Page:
Title: Frozen II: Forest of Shadows
Author: Kamilla Benko
Readership: Middle Grade +
I received a copy of Frozen II: Forest of Shadows from the publisher in exchange for a fair and honest review. All thoughts and opinions are my own.
After a strange illness strikes Arendelle, Anna discovers a secret room in the castle and incants a magic spell hoping to cure the sickness. Instead, a sinister wolf arrives, threatening to destroy the peaceful kingdom. Anna, Elsa and their friends embark on a thrilling quest to save Arendelle.
I have to begin my review with a confession: I’ve not watched either of the Frozen movies before. Truth be told, I haven’t needed to because I was teaching the film’s target audience at the time and I got daily scene-by-scene recaps from some very enthusiastic little fans. So, while I’m not personally familiar with everything that’s happened prior to this particular story, I am aware of the characters, stories and overall themes behind Frozen.
Forest of Shadows is told from Anna’s point of view, beginning with a scene from when she was child and she had a nightmare of being chased by a giant wolf through the forest. Flash forward sixteen years, and Elsa has been queen for the last three years and is well-respected by the citizens of Arendelle. With all her sister’s time being taken up dealing with the day-to-day running of the kingdom, Anna begins to feel left out, and, at times, unwanted, especially now that Elsa is about to embark on a Grand Tour of the world without her. Before Elsa leaves, a strange illness strikes the town, and while investigating what it could be, Anna unintentionally casts a spell that brings the terrifying wolf from her dreams to life, adding more pressure. It’s up to Anna, Elsa and their friends to save Arendelle before it’s too late.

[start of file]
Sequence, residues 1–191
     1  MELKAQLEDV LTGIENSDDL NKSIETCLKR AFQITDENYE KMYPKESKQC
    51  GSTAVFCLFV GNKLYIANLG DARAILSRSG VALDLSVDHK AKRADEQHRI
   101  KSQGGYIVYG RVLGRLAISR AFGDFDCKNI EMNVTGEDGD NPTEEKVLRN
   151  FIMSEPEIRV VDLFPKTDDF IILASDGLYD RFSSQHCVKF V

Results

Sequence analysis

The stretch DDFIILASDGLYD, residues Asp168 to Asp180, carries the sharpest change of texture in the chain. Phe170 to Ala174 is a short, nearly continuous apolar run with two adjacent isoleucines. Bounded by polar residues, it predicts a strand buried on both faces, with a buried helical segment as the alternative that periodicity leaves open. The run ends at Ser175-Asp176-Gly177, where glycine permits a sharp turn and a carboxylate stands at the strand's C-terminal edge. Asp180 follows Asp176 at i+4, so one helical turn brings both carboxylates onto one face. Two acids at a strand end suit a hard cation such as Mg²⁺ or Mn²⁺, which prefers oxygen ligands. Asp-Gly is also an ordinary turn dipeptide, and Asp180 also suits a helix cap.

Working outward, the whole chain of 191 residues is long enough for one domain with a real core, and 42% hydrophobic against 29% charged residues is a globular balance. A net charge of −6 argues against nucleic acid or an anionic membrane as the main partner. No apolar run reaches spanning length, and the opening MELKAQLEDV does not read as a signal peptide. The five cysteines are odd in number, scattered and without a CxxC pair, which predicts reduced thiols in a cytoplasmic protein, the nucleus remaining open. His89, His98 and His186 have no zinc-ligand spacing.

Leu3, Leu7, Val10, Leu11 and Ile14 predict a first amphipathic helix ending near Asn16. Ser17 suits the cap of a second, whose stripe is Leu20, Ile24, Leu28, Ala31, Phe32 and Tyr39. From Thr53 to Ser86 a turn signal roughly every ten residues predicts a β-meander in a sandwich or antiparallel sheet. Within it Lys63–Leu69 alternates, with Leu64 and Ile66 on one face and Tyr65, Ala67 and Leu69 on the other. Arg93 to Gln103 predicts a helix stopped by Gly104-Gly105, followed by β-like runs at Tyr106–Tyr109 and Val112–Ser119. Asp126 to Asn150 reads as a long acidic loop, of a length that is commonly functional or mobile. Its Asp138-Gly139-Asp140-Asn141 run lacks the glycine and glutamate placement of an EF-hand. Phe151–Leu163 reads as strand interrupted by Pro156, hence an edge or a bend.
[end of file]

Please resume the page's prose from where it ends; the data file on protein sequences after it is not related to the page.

The first question I’ll address is: can you read this book without watching the films? Yes, of course you can – Kamilla Benko includes enough of the backstory throughout the first few chapters to catch up those of you (like me) who might not be intimately familiar with the characters and their histories. That said, the basic premise is pretty easy to follow.
I liked the dynamic between Anna and Elsa – the burden of being queen is clearly weighing heavily on Elsa and Anna, without the pressure, is still reasonably carefree, thus causing some tension between the two, especially since Anna doesn’t recognise or understand (yet) how the pressure is affecting her older sister. What there is, however, is room for the sisters to grow and develop and eventually be able to communicate their concerns, misgivings and fears.
All of the side characters – Kristoff, Olaf and some new characters we meet along the way – are delightful and fun, especially little Echo, who we meet in the last third of the book. But while the side characters provide some additional depth to the story, it really is about Anna and Elsa and their relationship the whole way through.
The main tension in the book – the unknown illness and the sinister wolf – is suitably creepy and the sisters have a deadline to resolve both. Both sisters feel guilt about the situation – Elsa about the illness and Anna about the wolf – both believing they could have done something to prevent it, but both preserving in order to find a resolution that will save their kingdom.
It was fun, atmospheric and thrilling, and fans of the Frozen franchise will enjoy a new story featuring the much beloved characters.